Natural persons are obliged to register as individual merchants with the Commercial Register if the annual turnover from their economic activities exceeds LVL 200 000 (approx. EUR 284 575) or the economic activities performed conform to those of a commercial agent or a broker, or the yearly turnover from performed activities exceeds LVL 20 000 (approx. EUR 28 457) and the natural person provides employment for more than five employees. The whole of individual merchants’ property is liable in terms of meeting their obligations.

LIMITED LIABILITY COMPANY
Limited liability companies (LLC) are closed business entities whose equity capital consists of the total amount of the par value of the shares, which cannot be traded publicly. Limited liability companies may be established by one or more natural or legal entities. Shareholders may simultaneously be the only member of the Board and the only employee. Permanent presence of shareholders in Latvia is not required, although the board must be reachable at the address of the registered office. The capital of a LLC is divided into shares and the liability of shareholders is limited to their investment in share capital. The minimum share capital of a LLC is LVL 2 000 (approx. EUR 2 845), but a LLC may have less share capital if it has no more than five members (all individuals) and certain conditions stipulated by the Commercial Law are met. Share capital can also be paid in the form of tangible or intangible property. Where the total value of property (tangible or intangible) contributions does not exceed LVL 4 000 (approx. EUR 5 691), and total property contributions are less than 50 % of the equity capital of a company, the valuation of the property may be made by the founders. The administrative institutions of a LLC are the shareholders’ meeting and the board of directors, also the supervisory council (if such has been formed). According to the Commercial Law, only shareholders’ meetings may amend the articles of association, increase or reduce share capital and perform other activities as per the Commercial Law of the Republic of Latvia.

The executive body of a LLC is the board of directors whose main duty is to submit quarterly reports to the council on the activities and financial status of the LLC.

It usually takes about one week to incorporate an LLC and it costs about LVL 124 (approx. EUR 175).

JOINT-STOCK COMPANY
Joint-stock Companies (JSC) are business entities whose equity capital consists of the total amount of the par value of shares in the company’s stock. Joint-stock companies can be closed or open with shares in public circulation. Minimum statutory capital for JSCs is LVL 25 000 (approx. EUR 35 570). JSCs performing the activities of banks, insurance companies or currency exchange require a higher amount of statutory capital. JSCs can issue ordinary and preference shares which can grant shareholders rights to receive dividends, rights to receive a liquidation quota and voting rights at shareholders’ meetings.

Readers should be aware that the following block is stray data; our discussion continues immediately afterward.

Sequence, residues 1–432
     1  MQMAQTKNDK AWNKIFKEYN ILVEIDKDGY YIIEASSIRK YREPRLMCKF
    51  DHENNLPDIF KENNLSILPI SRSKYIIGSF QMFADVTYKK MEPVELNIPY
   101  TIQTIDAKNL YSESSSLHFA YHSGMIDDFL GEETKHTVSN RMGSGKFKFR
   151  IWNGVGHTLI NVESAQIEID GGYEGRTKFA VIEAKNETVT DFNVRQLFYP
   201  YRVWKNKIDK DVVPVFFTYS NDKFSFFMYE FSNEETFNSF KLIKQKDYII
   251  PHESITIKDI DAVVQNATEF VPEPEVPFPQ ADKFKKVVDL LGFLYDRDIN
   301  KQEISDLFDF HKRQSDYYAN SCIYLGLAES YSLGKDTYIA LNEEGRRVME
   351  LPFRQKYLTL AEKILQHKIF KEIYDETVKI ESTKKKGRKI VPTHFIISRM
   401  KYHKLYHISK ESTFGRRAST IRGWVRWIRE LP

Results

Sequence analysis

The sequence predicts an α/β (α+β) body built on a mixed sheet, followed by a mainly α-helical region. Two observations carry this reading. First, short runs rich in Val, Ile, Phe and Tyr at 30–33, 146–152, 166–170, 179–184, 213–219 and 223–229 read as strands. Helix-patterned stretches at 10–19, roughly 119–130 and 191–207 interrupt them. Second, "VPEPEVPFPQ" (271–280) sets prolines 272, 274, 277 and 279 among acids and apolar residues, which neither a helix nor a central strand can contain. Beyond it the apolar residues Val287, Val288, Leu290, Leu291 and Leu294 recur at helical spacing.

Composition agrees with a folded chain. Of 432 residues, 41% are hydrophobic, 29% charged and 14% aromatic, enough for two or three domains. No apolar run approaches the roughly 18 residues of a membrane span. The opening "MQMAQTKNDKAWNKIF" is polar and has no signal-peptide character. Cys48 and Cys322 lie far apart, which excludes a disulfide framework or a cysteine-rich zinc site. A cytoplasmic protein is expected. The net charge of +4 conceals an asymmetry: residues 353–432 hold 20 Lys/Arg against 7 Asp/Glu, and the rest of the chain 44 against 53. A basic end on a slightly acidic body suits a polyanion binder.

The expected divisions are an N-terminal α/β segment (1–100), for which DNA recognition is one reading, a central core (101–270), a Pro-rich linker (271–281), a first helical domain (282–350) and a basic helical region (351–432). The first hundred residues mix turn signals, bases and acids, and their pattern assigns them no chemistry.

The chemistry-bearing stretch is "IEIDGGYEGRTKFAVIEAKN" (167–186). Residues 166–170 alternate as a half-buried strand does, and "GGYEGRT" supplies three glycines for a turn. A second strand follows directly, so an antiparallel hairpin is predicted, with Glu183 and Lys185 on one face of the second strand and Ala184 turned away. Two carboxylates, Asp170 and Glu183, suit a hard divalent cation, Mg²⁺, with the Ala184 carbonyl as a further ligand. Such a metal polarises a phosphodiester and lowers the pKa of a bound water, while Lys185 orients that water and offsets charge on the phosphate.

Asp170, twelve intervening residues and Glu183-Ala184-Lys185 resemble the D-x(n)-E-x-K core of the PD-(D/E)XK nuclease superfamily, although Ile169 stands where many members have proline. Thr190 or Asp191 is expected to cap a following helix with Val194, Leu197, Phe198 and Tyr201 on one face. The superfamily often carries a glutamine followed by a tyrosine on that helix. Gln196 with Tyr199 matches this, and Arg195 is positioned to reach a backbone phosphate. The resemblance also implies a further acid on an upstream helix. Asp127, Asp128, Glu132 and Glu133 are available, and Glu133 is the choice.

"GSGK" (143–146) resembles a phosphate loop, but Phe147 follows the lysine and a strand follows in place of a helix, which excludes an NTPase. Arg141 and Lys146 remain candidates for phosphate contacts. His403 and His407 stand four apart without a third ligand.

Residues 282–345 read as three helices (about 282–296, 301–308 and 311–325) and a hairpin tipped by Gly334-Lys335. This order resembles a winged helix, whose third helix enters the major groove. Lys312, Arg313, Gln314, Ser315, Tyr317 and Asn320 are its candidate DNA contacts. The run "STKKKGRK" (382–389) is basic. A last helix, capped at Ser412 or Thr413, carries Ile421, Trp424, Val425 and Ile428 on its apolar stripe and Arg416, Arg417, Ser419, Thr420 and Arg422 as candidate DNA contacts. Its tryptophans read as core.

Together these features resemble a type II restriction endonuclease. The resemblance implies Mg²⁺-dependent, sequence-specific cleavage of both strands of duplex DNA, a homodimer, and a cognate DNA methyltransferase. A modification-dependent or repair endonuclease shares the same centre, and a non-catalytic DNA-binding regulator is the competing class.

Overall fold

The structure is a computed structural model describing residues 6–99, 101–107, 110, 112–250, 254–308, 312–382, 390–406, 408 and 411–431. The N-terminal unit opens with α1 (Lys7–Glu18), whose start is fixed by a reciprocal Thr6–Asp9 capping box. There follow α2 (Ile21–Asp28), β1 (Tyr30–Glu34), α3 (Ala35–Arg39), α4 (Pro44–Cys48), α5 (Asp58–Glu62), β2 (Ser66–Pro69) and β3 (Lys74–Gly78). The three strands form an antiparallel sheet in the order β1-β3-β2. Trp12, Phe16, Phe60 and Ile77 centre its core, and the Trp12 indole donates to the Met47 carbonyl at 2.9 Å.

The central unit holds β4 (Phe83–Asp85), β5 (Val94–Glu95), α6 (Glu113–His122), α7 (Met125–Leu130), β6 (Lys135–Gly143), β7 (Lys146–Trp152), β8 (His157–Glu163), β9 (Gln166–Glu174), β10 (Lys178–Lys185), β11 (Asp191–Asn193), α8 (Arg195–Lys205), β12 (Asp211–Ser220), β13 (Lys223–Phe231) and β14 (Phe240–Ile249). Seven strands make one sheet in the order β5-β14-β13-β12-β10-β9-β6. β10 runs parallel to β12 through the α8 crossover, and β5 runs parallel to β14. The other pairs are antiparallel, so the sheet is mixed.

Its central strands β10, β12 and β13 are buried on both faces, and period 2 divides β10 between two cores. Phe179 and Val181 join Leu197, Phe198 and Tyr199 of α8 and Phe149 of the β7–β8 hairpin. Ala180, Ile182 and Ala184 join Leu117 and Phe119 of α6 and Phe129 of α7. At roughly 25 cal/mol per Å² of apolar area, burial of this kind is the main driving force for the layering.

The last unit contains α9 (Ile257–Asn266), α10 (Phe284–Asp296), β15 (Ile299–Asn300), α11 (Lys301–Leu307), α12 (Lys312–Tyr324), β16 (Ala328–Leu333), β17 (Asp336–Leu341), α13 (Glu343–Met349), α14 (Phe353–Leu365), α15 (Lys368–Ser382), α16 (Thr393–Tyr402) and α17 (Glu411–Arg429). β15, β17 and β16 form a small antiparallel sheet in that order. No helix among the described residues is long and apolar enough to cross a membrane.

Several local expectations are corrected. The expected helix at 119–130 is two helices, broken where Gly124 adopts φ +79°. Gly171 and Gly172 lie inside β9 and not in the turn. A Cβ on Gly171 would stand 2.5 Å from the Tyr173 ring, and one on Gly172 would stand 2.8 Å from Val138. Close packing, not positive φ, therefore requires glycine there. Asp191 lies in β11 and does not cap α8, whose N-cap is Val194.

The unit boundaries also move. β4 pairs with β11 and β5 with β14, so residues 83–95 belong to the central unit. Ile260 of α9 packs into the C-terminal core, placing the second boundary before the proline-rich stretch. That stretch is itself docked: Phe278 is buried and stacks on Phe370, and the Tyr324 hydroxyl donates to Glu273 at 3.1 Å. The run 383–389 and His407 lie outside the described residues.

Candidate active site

JSCs are managed by shareholders’ meetings, supervisory councils and boards of directors. Only shareholders’ meetings may make decisions concerning: annual accounts, use of the profit from previous year’s activities, election and recall of council members, auditors, JSC controllers and liquidators and perform other activities as per the Commercial Law.

The supervisory council represents the interests of shareholders between shareholders’ meetings; it appoints the board of directors and supervises its activities. The board of directors is the executive institution of JSCs which supervises and manages their activities. Boards of directors consist of one or more members, but if a JSC is publicly traded, the board of directors must have at least three members.

PARTNERSHIP
A partnership is a business entity in which two or more persons (members) have united, on the basis of a partnership agreement to perform commercial activities utilising a joint company name. The Commercial Law provides for two forms of partnership: general and limited partnerships. Both can be established by two or more persons. The main difference between the two forms is that all persons establishing a general partnership have unlimited liability for the partnership’s debts. On the other hand, limited partnerships are established by limited and unlimited partners, where the liability of limited partners is limited to the amount of capital contributed. Partnerships are established by partnership agreements and there are no requirements for minimum capital. Partnerships’ profit or losses are distributed at the end of the year in proportion to the amount of capital contributed by partners.

BRANCH AND REPRESENTATIVE OFFICE
According to the Commercial Law, local and foreign companies may establish branch offices in Latvia. A branch is an organisationally independent part of a company that can carry out economic activities, but is not treated as a legal entity. A branch is subject to the same reporting obligations as registered companies, and the head office of the branch is fully liable for activities carried out by the branch.

Representative offices, similar to branches, are not independent legal entities. Representative offices cannot perform economic activities and their functions are limited to market research, promotion of the parent company and other limited marketing activities.